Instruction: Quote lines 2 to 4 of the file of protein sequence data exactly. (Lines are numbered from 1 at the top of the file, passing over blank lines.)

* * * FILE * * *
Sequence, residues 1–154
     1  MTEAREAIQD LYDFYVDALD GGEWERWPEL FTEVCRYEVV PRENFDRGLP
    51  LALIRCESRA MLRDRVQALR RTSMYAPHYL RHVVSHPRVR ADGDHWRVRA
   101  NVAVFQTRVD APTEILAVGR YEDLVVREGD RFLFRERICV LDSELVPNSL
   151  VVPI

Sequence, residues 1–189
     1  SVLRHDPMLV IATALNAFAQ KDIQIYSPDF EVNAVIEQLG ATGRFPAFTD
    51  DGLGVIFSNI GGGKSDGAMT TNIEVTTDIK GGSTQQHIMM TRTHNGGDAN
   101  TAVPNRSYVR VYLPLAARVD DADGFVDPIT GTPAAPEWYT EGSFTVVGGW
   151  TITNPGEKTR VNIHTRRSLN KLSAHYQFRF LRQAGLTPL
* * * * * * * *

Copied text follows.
     1  MTEAREAIQD LYDFYVDALD GGEWERWPEL FTEVCRYEVV PRENFDRGLP
    51  LALIRCESRA MLRDRVQALR RTSMYAPHYL RHVVSHPRVR ADGDHWRVRA
   101  NVAVFQTRVD APTEILAVGR YEDLVVREGD RFLFRERICV LDSELVPNSL